A fairytale trip to Lviv with a huge black cat, unbelievably nice peo
A fairytale trip to Lviv
with a huge black cat,
unbelievably nice people
and a whole ocean of positivity
By Oksana Romanyuk
I fell in love with Lviv the first time I saw its gorgeous little streets with European atmosphere and the smell of happiness and peace coming from every corner. Touted as 'the new Prague', Lviv is obviously the perfect place for tourists. But this is not the reason my love for Lviv is so deep. History, architecture, and those all-important “touristy things” just don't impress me in general, no offense to Lviv. There is always something more important for me than banal sights and typical tourist pictures, and Lviv indisputably has that “something”.
I have one strong belief that I generated while traveling in the U.S. This belief is about assimilating and being a part of the city's life no matter where you go and what you like. Otherwise, the trip of a lifetime can transform into one nothing more than an album on Facebook. Now, every time I travel I always try to be not a tourist but a resident.
Lviv was definitely full of surprises for us, mostly about its people. It is almost impossible for young people from industrial cities like Dnipropetrovsk to fully understand the way of life in historical places like Lviv. Everything - from saying hello to meeting new friends - just goes in a different way there.
Lviv was actually the first city I’ve ever visited where the owners of a rented apartment were just as nice as my own parents. Or, perhaps, even nicer. To be honest, at first it was unusual and chaotic. The hospitable landlords couldn’t stop fussing around us and trying to make our stay comfortable. They made our beds, brought us new slippers so we didn’t get cold, and left cheese and bread in the fridge so we didn’t starve to death. And that’s just the beginning of the kind and caring things they had done for us before they left. Both the living room and kitchen were equipped with modern and expensive household appliances. And those “couldn’t-be-nicer” landlords didn’t even ask for our IDs – Lviv is all about trust. But the most unbelievable and weird thing in that apartment was a huge black cat. Where else can you rent an apartment with a cat living in it? I doubt you can find a place like this anywhere in the world.
Lviv is also a place of polite communication. It might seem like all the people in Lviv are nice, polite and really kind-hearted. This impression comes from their way of talking to each other. Words like “thank you” and “my pleasure” are used much more often than even necessary. Very quickly you adopt this polite way of speaking, and after some time spent among the residents of Lviv you begin saying polite words on the hoof to everyone on every corner. One day, one of my friends, who you, guys, actually know (her name is Lena Satarova - the girl who knows more about fashion than even fashion knows about itself) decided to walk alone in Lviv at about 4 a.m. Sounds pretty dangerous for Dnipropetrovsk but not for Lviv. On her walk a stranger approached her and asked if she would like to come to his place for a cup of coffee and how much it would cost. Lena was flabbergasted. She yelled at him “WHAT?” He replied in a low voice, “How much…I mean, how much would it cost to invite you for a cup of hot and tasty coffee?” Who’s to say if that’s the way a courteous man in Lviv tries to pick up a genteel, caffeine-loving prostitute.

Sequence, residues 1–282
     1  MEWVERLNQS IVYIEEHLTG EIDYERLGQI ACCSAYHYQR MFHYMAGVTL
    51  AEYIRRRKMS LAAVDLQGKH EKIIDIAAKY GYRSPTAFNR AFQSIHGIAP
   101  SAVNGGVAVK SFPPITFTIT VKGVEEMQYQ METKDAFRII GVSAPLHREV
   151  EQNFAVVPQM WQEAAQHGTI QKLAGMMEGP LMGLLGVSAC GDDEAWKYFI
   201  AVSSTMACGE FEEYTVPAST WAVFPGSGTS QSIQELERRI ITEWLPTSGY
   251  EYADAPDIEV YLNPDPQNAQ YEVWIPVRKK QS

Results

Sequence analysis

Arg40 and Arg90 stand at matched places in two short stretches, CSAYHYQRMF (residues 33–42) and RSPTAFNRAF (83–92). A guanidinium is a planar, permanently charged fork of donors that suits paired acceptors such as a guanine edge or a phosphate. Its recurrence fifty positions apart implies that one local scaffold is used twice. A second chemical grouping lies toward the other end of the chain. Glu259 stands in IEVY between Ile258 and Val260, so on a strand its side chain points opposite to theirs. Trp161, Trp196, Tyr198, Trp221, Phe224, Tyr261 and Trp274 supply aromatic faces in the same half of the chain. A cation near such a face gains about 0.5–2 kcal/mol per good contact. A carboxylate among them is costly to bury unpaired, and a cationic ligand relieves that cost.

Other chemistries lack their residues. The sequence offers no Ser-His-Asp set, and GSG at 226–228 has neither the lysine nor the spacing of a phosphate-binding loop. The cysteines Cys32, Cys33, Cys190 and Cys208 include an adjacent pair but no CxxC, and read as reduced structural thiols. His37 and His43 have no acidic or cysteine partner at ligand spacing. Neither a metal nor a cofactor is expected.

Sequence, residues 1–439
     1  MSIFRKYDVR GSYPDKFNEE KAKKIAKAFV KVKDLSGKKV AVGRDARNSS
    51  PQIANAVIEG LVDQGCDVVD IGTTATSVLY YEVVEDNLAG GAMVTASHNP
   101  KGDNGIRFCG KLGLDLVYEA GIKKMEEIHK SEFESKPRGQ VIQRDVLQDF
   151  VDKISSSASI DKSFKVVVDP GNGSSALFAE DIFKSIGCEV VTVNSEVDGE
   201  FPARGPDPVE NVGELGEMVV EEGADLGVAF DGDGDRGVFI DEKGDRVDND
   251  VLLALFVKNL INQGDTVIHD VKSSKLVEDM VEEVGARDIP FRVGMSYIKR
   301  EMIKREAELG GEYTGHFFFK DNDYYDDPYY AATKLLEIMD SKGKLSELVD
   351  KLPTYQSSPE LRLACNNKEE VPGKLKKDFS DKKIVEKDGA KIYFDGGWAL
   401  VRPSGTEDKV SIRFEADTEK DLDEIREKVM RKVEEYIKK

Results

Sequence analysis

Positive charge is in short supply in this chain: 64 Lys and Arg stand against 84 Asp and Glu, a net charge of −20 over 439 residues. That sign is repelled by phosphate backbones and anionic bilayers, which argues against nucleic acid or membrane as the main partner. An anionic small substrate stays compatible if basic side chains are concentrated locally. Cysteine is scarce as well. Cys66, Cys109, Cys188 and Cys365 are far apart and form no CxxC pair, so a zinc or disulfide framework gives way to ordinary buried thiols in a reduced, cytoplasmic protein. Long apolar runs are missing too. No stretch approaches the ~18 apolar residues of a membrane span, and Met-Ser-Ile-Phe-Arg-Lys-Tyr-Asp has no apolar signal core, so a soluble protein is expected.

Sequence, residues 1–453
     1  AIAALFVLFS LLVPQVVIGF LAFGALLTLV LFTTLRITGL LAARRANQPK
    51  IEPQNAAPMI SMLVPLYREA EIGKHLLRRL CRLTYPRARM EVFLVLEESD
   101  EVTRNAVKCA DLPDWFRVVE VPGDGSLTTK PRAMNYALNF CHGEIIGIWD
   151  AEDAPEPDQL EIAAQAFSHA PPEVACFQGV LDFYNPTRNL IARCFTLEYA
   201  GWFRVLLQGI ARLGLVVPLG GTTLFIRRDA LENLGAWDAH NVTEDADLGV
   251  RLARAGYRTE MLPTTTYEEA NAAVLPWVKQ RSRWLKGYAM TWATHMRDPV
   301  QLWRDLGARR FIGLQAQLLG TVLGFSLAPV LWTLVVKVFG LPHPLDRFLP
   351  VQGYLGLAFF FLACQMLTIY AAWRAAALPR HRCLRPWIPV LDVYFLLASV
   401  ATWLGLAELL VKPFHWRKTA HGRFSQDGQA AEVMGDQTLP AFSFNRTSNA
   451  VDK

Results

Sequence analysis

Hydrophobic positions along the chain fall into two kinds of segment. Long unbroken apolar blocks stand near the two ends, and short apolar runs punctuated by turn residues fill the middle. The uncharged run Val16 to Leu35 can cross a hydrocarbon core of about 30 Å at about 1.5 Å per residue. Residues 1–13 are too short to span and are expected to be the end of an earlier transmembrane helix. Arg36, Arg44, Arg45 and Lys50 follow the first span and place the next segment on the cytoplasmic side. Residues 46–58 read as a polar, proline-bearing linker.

Some will definitely say it is just an exaggeration. Maybe it actually is. My opinion is too subjective to claim to truth. At some point I was enchanted with the unique atmosphere of Lviv, its vibe, and even its smell. At the same time I would never wish to move there. There are too many churches per square meter for my liking. The atmosphere is not mine. The streets are too narrow and silent. The people are too nice and traditional.
Traditions mean a lot to Lviv people. Some stereotypes seem silly and childish. For example, they all are sure that Eastern Ukraine is so rich that all the people who live there must have tons of money. But that’s just a hang-up of a small historical city with no manufacturing base.
Talking about Lviv reminds me of singing about dancing. It’s difficult to describe it in words. But there is something you need to remember. The moral of my cock-and-bull story is not the particular town, it is assimilation. Next time when you visit this magically nice place, try to become a part of it, because that’s the only way to truly feel the spirit of a place – be it good or bad, nice or rude, black or white. (Reminded me about MJ. R.I.P.)
to tout расхваливать, рекламировать
landlord владелец квартиры, арендодатель
to fuss around суетиться, мельтешить
to starve to death умирать с голоду
household appliances бытовая техника
my pleasure пожалуйста
on the hoof на ходу; не задумываясь, спонтанно
flabbergasted ошеломленный; онемев от удивления
courteous вежливый, учтивый
genteel воспитанный; с хорошими манерами
exaggeration гиперболизация, преувеличение
to claim to truth претендовать на истину
to enchant очаровывать
vibe атмосфера, энергия, «вибрации»
hang-up пунктик, заскок
cock-and-bull story невероятная история
English4U #5 2011
в электронном виде http://presspoint.ua/press/pressiteminfo/1901